New Cyanogen Partnerships Bring Privacy Concerns
New Privacy concerns have emerged regarding Cyanogen’s latest announcements, primarily the inclusion of email app Boxer and that of a multitude of Microsoft apps, including Bing services, Skype, OneDrive, OneNote, Outlook, and Microsoft Office. The concerns arise when you look at both announcements together. At face value they may appear to be the beginning of Cyanogen’s plan to “take Android away from Google,” however there is certainly something more nefarious occurring.
As you can see, not only do they collect data on your actions and “others”, without further clarification we can only assume this data may potentially contain information that the majority of us would rather not be handled by other organizations. It is currently not know how far this data collection extends and could well contain information on the third-party apps integrated in to the service. Furthermore they continue to state that personal information is then provided to affiliates and other trusted businesses, which as of today may not only include Cyanogen but also Microsoft. Their statement on the use of your contacts information is delightfully vague, and only states that it will be used to provide the service.
The majority of Microsoft apps coming to Cyanogen require either a Microsoft account or the far less likely a federated login through your Cyanogen account. Either way, this is yet another email address potentially available to Boxer along with your primary email. It has already been stated that the new apps will be uninstallable, but it has at no point been mentioned with exactly whom your data is shared with or what constitutes “trusted businesses or persons”. Before deciding to mine your data, Cyanogen may well desire to inform us just who will have access. Whilst Gmail has similar practices when it comes to your data, it is Cyanogen that state “We Stand For Openness”. This is an integral part of who they claim to be and one of the reasons people use their software. It is when these values are ignored that trust and consumer-OEM relations begin to break down. With Google we know where we stand, they will take our data and do with it as they wish, we know it and they know we know. The fact that Cyanogen still (hypocritically) claims to be against Google’s Android and practices shows just how far from their initial values they have strayed. The entirety of the new partnership has thrown doubt on to the “open future” of the company.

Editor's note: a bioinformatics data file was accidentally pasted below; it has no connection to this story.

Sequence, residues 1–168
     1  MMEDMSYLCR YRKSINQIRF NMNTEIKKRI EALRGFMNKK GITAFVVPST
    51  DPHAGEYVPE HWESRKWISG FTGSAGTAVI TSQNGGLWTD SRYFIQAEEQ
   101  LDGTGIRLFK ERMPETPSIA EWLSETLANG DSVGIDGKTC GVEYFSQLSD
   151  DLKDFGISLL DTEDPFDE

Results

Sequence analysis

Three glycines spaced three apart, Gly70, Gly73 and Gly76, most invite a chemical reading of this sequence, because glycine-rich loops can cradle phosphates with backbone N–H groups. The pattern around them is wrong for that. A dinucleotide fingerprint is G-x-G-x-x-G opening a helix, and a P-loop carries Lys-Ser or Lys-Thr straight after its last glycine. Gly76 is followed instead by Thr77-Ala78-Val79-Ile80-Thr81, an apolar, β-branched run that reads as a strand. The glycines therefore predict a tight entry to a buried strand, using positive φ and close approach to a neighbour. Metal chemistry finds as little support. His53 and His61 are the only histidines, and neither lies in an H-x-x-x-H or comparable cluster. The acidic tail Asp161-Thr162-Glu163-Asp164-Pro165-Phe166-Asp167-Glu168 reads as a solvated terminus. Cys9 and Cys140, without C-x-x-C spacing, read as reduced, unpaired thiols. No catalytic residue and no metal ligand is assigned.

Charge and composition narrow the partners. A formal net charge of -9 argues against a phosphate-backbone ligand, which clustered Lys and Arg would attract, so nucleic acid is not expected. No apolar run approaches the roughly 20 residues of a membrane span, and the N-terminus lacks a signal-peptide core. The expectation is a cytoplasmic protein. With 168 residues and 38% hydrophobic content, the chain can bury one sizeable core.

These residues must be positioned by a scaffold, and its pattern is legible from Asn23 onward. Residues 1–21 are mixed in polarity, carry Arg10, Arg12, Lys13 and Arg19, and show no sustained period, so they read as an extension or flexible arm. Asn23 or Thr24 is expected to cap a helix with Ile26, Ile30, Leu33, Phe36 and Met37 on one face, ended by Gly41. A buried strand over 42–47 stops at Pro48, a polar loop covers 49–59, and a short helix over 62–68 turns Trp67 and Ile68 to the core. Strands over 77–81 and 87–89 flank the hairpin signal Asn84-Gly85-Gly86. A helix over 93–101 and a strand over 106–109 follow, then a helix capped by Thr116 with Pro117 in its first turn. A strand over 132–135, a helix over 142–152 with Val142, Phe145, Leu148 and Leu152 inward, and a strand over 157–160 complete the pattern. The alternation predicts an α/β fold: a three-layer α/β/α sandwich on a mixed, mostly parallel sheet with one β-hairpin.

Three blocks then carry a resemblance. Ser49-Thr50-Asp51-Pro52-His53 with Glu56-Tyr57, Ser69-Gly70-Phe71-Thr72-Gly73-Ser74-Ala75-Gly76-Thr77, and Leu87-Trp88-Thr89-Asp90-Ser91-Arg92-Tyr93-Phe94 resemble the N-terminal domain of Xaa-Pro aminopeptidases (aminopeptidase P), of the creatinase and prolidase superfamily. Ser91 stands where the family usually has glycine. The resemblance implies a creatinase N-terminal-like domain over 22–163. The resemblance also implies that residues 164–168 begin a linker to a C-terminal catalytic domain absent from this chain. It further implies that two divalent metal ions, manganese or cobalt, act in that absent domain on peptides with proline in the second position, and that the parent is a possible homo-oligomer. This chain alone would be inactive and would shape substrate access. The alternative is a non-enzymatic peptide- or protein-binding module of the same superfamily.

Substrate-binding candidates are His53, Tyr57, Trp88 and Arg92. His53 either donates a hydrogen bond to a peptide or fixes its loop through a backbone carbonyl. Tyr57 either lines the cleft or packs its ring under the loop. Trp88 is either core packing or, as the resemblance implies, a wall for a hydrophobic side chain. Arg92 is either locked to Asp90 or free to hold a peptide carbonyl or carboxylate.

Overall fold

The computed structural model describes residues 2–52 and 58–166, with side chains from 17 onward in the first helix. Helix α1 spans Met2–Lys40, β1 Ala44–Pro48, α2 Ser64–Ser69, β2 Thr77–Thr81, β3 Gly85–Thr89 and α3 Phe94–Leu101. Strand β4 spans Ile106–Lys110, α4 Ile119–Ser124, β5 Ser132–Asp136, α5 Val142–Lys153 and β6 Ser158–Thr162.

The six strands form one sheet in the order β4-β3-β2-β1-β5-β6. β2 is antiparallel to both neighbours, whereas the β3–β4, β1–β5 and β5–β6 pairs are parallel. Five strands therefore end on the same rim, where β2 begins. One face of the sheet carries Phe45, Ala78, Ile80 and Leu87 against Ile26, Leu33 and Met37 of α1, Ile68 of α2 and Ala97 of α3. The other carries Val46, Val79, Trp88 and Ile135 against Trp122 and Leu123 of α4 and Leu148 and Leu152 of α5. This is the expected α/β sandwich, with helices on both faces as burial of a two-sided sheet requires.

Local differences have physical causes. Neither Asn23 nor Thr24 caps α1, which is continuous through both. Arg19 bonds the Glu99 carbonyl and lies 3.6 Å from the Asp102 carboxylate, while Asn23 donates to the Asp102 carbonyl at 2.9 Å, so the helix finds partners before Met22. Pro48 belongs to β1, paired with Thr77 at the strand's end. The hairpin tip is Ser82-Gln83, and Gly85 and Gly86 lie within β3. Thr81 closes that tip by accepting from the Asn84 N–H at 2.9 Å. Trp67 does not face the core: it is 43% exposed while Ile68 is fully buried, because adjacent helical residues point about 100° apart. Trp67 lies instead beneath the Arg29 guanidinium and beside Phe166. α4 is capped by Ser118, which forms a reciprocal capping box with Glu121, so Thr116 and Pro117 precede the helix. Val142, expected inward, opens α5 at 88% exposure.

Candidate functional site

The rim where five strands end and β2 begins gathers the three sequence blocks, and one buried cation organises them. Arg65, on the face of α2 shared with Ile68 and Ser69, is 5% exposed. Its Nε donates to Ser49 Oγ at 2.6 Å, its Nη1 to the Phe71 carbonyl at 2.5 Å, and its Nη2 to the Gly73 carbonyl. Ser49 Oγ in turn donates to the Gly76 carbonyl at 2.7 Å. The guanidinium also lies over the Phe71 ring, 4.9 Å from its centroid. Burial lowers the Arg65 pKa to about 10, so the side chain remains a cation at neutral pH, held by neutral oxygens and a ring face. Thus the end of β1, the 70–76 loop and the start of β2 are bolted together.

For now many of us can take consolation in the fact that CyanogenMod will not be receiving the same currently flawed service in future updates. Users of Cyanogen OS for now can only hope that either Boxer or Cyanogen will make a statement about just who will get their hands on your personal data. Of course they have thus far made no effort to inform people of these policy arrangements and appear to be in complete denial on the subject, going as far as to claim that this is for the benefit of the users. To that effect I leave you with a quote from Boxer’s open letter regarding the partnership earlier today, take from it what you will.
“The launch of our partnership with Cyanogen marks a major shift in the mobile landscape. No longer are users forced to use second-class software or services that further the agenda of the companies behind their platforms … …Users now have a choice – an open operating system in Cyanogen that is bringing best in class products and services together to form a single cohesive platform.”
Do you have privacy concerns regarding the new partnerships? Leave a comment below!
For more coverage on Cyanogen’s partnerships check Aamir’s feature: Cyanogen Announces Strategic Partnership With Microsoft.
Or continue reading about the War For an Open Android!